Friday, January 29, 2021

musical and theatrical news

1. I've attended a couple more online concerts for reviewing purposes. Kohl Mansion is a local venue which has announced the rest of its online season, so I wrote an article which combined that news with a review of their final previously-announced concert, Beethoven's Op. 130 quartet which I was desirous of hearing anyway, and with an announcement of the release of the CD of their Violins of Hope concert which I had reviewed live. I was told I'd get a download of the album for review, but it turned out to consist only of one minute of each track. I'm not reviewing an album that way, and neither should you. So an announcement based on the copious press releases, and not a review, it was.

2. And Menlo's Gershwin-and-Ravel violin-&-piano recital, which was kind of goofy and which I'm saving up for review so that I can combine it with their next online event in a couple weeks.

3. The SF Conservatory of Music has given up on pre-registration for their inhouse concerts and are just streaming them. So I'm sampling a lot. Most interesting was one of those events where the resident professional string quartet plays student compositions. When the first piece started, I couldn't at first tell if it was the music or the players tuning up, which is the kind of problem you get with events like this. But some of the pieces were better than that. A French student channeled Debussy, but of course.

4. Some recommendations for online listening by people not me.

5. Bought a ticket to the Shakespeare Theatre of New Jersey's production called Shaw! Shaw! Shaw!, three one-act plays by GBS, on the basis of a rave review. Didn't deserve it. Shaw didn't think his own (very obscure) plays were very good, and he was an astute critic. The actors could be seen trying desperately to enact these bizarre and wooden characters. Nor, though these were all reportedly actual pre-pandemic stage productions, were they before live audiences, so no reaction to anything that might have been a laugh line.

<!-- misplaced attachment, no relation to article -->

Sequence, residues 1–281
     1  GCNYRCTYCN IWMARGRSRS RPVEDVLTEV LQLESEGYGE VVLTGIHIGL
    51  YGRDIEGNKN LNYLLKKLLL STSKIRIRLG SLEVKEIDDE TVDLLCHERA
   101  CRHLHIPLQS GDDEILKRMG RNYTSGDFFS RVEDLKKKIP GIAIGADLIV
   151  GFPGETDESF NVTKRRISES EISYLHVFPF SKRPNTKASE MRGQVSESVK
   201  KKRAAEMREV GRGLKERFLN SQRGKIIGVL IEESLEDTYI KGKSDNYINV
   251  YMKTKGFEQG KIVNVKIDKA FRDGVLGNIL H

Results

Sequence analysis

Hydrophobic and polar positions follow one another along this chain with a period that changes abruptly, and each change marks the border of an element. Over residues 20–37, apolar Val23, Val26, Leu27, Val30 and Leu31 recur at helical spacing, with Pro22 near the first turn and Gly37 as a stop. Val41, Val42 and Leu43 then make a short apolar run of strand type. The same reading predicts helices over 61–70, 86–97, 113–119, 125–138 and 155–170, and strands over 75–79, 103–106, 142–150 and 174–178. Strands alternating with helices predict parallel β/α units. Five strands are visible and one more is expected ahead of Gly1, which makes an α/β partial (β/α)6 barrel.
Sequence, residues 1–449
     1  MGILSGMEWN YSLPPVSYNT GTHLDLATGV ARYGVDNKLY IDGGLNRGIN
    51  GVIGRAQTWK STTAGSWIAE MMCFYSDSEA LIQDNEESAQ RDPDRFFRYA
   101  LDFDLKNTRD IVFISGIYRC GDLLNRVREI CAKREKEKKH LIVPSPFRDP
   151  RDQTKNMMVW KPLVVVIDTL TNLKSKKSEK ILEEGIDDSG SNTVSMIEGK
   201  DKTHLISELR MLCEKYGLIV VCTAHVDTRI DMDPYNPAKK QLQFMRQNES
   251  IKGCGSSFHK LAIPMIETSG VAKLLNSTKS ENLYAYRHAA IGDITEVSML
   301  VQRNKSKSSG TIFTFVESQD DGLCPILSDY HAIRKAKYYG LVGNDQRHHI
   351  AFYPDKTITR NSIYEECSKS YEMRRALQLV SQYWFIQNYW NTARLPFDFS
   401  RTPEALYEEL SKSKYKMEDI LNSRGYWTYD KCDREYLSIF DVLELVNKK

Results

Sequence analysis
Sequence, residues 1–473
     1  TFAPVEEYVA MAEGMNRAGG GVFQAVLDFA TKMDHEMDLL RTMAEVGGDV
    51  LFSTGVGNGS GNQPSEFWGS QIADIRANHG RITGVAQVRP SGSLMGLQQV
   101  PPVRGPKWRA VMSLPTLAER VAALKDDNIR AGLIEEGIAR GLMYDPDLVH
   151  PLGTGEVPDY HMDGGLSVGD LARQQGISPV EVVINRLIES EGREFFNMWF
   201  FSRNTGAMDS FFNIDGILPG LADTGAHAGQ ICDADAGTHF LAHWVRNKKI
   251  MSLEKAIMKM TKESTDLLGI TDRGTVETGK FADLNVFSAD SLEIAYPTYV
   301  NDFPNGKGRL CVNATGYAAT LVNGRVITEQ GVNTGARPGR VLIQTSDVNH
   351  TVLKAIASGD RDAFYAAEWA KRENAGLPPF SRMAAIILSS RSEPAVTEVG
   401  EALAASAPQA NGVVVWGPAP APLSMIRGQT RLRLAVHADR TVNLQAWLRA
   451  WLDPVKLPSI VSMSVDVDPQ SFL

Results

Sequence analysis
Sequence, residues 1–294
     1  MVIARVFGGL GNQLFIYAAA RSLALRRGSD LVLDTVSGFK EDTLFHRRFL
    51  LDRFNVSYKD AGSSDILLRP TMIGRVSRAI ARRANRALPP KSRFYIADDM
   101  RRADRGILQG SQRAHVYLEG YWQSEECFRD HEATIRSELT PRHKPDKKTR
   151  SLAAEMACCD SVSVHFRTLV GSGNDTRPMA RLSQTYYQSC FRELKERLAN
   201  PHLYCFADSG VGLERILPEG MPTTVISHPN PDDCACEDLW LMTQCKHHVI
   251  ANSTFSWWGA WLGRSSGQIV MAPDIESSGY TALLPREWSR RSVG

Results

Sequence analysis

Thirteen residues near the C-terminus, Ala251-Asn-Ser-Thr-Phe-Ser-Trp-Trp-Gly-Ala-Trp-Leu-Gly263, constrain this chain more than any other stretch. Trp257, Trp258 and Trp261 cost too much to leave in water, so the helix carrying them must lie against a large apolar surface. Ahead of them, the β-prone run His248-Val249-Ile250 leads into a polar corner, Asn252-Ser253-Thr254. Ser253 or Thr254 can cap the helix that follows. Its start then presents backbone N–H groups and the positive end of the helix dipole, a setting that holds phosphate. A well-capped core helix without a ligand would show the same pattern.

6. Latest attempts at soothing late hours with aging thriller movies: Skyfall, only the second James Bond movie I've ever seen, was pretty good if hackneyed (Javier Bardem, then recently out of No Country for Old Men, plays the absurdly-haired villain, but of course) and mostly consisting of Bond (Daniel Craig) suffering through spectacular stunts and muttering "I'm getting too old for this crap." Breach, real-life story about the capture of Russian-spy-mole-in-the-FBI Robert Hanssen, despite good reviews did not work. Hanssen is written as a cranky old geezer and is consequently played by Chris Cooper, but of course. The movie's problem is that the feds already have the goods on Hanssen, they just need more evidence that will hold up in court. So they assign Ryan Philippe as Hanssen's bonehead assistant, his job being to make boneheaded mistakes (some deliberate and some not) to waste Hanssen's time so the feds can swoop in while he's out of the office and rifle through his stuff. So Hanssen goes to have his official photo taken, or across town to a meeting that gets cancelled. As a premise for a thriller, this is desperately dull.

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